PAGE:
Broadway-cum-West End smash hit Once, featuring songs written by Irish songwriter Glen Hansard, has made its mark on the world of theatre winning numerous Tony Awards and a Grammy. Now, residing in London’s West End and sponsored by C.F. Martin & Co., Once is winning the UK’s heart with lead guy and accomplished singer-songwriting, Declan Bennett, at the helm.
The press love to throw the term “multi-talented” around and stick it to every new artist they come across, but for Declan Bennett, it is actually true! Like so many acoustic musicians do these days, Declan released his first album himself, self-funded, on his own label. But Bennett wasn’t another singer-songwriter riding the wave of electronic media access that sees so many welcome additions to the acoustic fraternity – he was actually there when the whole phenomenon took off. Declan’s first solo album was released in 2004, and in technological terms, that’s several lifetimes ago. ‘What I found out pretty quickly when I started making music on my own was that I wasn’t making music for radio, and I didn’t want to write music for radio, I had no interest in writing music that would get me on Radio 1,’ Declan recalls. ‘My aim was never to make music like that. I realised that if I wanted to maintain my artistic integrity, it was going to be more fulfilling for me to get a label of my own, and put my music out myself. I did play some material for some producers and some A&R people, and they all told me that it was too wordy and that the choruses weren’t right, and, essentially, they were just telling me that my creative ideas weren’t right! I am all for collaboration, constructive criticism, and getting things to sound right, but I decided to just to go and do things on my own, it felt like the right thing to do.’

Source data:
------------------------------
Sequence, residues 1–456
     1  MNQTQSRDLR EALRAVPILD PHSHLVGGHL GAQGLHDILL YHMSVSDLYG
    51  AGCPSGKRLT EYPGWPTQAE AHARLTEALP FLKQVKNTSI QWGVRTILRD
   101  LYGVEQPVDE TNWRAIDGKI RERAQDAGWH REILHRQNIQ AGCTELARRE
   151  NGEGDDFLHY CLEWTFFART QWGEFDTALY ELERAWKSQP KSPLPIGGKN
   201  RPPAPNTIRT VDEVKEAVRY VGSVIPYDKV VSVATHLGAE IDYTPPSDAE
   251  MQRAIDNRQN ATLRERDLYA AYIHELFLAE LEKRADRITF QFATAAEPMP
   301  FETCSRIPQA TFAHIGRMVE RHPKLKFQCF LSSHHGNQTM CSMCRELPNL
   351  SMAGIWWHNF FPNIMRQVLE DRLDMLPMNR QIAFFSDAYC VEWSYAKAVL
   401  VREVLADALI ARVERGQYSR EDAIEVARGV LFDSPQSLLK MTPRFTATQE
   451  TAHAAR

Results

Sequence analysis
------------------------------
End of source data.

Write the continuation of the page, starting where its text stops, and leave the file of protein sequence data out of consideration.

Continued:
‘So, I decided to get a band together and make an album. I had no money, so we didn’t have the luxury of being able to go into a massive studio and record everything individually, so we went and recorded the whole thing in a live situation. That was nine years ago, and I listen back to it now and there are so many things about it that I want to change! It’s heading for its tenth anniversary, and I am considering having another bash at it, because I think as an artist you are never really satisfied with anything that you do, and that is what keeps you going.’
Declan’s career thus far isn’t what we’d have expected and, subsequently, his CV makes for some seriously diverse reading – it includes a brief stint in a boyband, before making he made his mark in musical theatre. ‘I taught myself guitar at school when I was about 14-years-old. I was having piano lessons, and I started writing my own songs on piano, but it’s not the most portable of instruments, so I picked up a guitar. I got very heavily into music, and into theatre at the same time when I was in youth groups in Coventry. I decided to move to London and see if I could make it as a musician. I was in a band, we were signed to Warner Music, and when I left the band, I was offered a role in Taboo, the Boy George musical in the West End. Doing that kicked off the whole theatre side of things. I kept up my music while I was doing the theatre show, and when it finished, I formed my own label Covboy Records and decided to release my own songs.’